jammy's record label,
music works record label,
etc


what on earth do you mean by non-commercial?! like jammy's never sold any records?!

that aside, interesting question and responses :D
xiquet
 
Posts: 137
Joined: Fri Feb 18, 2005 3:25 pm
Location: London

Postby Inyaki » Fri Feb 06, 2009 1:45 pm

dougie conscious wrote:if you wana sound like the early digi tunes get yourself a yamaha dx 100 keyboard a oberhiem dx drum machine a yamaha cso1 keyboard, and play everything live exept{the drum machine}, hope that helps


Exactly. The instruments are crucial.
Those producers (86-92) recorded on tape too, no computers. And they had "musicians" building the riddims, not programmers.
Inyaki
 
Posts: 1138
Joined: Mon Nov 29, 2004 11:07 pm
Location: South London

Postby Junior » Fri Feb 06, 2009 1:51 pm

Yes, using the word "non-commercial" in relation to reggae and dancehall is basically a complete fallacy.
There's no way you can ever comprehend Jamaican music through European middle class, counter culture concepts like 'non-commercial', anti-mainstream etc. Those concepts make no sense whatsoever when it comes to reggae.
Maybe if you're into punkmusic, applying these words may will reveal some sort of meaning, but in a developing country like Jamaica such luxuries as taking a 'non-commercial' stance are basically products of abundance and welfare, which is very rare on the island.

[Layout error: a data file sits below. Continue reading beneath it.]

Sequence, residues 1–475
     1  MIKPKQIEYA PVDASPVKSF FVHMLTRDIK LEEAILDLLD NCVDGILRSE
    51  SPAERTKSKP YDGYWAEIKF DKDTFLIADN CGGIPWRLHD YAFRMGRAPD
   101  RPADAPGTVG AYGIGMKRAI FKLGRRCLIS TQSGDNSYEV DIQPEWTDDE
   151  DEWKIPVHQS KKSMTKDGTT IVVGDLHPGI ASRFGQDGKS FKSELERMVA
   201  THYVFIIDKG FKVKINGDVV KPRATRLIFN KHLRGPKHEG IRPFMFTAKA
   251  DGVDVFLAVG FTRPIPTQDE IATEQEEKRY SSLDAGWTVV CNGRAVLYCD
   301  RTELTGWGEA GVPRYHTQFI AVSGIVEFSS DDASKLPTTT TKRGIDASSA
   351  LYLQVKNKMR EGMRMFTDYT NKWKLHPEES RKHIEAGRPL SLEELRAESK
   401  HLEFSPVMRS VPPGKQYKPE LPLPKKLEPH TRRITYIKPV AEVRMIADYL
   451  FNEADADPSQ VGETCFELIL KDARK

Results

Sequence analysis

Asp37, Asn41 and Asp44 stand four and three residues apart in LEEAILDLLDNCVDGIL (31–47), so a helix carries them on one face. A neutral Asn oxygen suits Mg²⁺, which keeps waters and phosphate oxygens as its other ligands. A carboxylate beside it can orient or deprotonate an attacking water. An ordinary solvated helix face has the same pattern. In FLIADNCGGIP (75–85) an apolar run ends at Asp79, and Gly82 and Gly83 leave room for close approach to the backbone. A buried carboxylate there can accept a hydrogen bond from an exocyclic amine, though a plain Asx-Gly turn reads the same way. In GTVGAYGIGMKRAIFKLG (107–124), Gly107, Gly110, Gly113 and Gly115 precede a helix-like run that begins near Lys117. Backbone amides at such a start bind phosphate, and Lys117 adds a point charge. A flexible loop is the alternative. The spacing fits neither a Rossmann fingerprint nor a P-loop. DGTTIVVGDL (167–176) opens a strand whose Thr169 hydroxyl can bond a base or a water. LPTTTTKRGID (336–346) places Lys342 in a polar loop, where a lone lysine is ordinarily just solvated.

Almost every dancehall tune is an attempt to make a hit. 99.9 % fail miserably, but that does not qualify the music as non-commercial.
Junior
 
Posts: 420
Joined: Wed Dec 08, 2004 9:14 am
Location: Copenhagen, Denmark

Postby Junior » Fri Feb 06, 2009 1:55 pm

Inyaki wrote:
dougie conscious wrote:if you wana sound like the early digi tunes get yourself a yamaha dx 100 keyboard a oberhiem dx drum machine a yamaha cso1 keyboard, and play everything live exept{the drum machine}, hope that helps


Exactly. The instruments are crucial.
Those producers (86-92) recorded on tape too, no computers. And they had "musicians" building the riddims, not programmers.


True, but they also used the instruments available to them, and that should always IMO be your point of departure when making dancehall.
Reason is a great tool to make the early digital sound. There's no need to get all the original equiptment (unless you're a puritan gear geek).
The tape sound can be applied to a rather satisfying degree usin the Vintage Warmer, and I don't believe many people can tell the difference between Oberheim drum machine samples and a real box.

Oh, and distinguishing between 'musicians' and 'programmers' is basically a waste of time IMO. It makes no sense when applied to reality.
Junior
 
Posts: 420
Joined: Wed Dec 08, 2004 9:14 am
Location: Copenhagen, Denmark

Postby Inyaki » Fri Feb 06, 2009 2:18 pm

Junior wrote:
Inyaki wrote:Oh, and distinguishing between 'musicians' and 'programmers' is basically a waste of time IMO. It makes no sense when applied to reality.


Steely, Cleavie, Robbie Lyn, Obeah, Sly & Robbie, Firehouse Crew, etc... Top musicians who came from the Studio One / Channel One days....all play live instruments onstage too. Very different feel.
Inyaki
 
Posts: 1138
Joined: Mon Nov 29, 2004 11:07 pm
Location: South London

Postby Speed » Fri Feb 06, 2009 2:19 pm

where can you get this vintage warmer?
Speed
 
Posts: 917
Joined: Tue Nov 30, 2004 9:34 am
Location: Manchester, UK

Postby Junior » Fri Feb 06, 2009 2:29 pm

Inyaki wrote:
Junior wrote:
Inyaki wrote:Oh, and distinguishing between 'musicians' and 'programmers' is basically a waste of time IMO. It makes no sense when applied to reality.